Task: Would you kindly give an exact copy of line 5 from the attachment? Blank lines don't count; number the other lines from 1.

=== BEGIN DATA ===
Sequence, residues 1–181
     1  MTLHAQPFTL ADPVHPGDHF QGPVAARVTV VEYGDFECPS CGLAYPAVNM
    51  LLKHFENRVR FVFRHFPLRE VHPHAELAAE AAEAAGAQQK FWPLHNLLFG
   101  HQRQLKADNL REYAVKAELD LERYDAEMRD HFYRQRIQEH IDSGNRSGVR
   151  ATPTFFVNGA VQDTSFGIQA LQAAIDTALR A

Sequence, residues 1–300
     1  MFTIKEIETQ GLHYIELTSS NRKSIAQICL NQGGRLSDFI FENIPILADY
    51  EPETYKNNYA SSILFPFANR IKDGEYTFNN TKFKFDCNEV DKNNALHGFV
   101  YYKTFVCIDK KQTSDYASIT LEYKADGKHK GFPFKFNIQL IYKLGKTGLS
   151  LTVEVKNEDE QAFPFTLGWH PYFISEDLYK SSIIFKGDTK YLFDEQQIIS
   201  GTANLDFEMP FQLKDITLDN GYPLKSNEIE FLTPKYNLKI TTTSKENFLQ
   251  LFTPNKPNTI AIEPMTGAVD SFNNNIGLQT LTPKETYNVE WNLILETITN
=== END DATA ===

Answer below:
   151  ATPTFFVNGA VQDTSFGIQA LQAAIDTALR A